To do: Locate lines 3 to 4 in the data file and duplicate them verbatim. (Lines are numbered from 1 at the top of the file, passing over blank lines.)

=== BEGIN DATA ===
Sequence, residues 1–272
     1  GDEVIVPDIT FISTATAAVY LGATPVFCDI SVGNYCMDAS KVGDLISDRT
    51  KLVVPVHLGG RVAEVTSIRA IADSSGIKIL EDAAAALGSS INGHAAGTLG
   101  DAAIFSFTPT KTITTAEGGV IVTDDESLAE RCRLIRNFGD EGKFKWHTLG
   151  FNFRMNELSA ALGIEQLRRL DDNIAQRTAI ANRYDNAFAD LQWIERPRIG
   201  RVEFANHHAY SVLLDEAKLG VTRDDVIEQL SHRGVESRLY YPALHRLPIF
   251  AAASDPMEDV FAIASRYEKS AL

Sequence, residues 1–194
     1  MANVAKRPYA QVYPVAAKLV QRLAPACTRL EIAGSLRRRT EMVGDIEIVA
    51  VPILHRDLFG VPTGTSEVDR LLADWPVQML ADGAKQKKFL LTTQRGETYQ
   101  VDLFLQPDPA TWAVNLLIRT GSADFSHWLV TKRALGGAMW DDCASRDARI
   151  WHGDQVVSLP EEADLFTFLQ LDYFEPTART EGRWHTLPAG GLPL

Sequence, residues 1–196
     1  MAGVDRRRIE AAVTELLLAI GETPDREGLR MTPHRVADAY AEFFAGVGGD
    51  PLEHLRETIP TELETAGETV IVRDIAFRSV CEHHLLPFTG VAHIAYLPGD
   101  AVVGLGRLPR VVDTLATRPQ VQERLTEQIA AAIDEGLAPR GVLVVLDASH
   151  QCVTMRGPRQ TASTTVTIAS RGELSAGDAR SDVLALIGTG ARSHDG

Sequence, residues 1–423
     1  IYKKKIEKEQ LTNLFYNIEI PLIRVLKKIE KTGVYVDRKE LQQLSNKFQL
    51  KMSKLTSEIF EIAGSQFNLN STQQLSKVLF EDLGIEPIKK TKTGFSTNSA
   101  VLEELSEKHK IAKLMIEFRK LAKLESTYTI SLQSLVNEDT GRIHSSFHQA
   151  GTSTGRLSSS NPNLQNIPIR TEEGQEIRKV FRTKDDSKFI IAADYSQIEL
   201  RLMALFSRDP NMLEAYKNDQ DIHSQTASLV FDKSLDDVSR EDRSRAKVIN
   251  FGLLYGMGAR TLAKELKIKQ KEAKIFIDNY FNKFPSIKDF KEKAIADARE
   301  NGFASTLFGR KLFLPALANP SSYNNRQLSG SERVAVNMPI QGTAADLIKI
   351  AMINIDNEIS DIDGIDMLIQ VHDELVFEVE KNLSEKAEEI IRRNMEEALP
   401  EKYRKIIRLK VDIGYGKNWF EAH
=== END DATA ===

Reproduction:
    51  KLVVPVHLGG RVAEVTSIRA IADSSGIKIL EDAAAALGSS INGHAAGTLG
   101  DAAIFSFTPT KTITTAEGGV IVTDDESLAE RCRLIRNFGD EGKFKWHTLG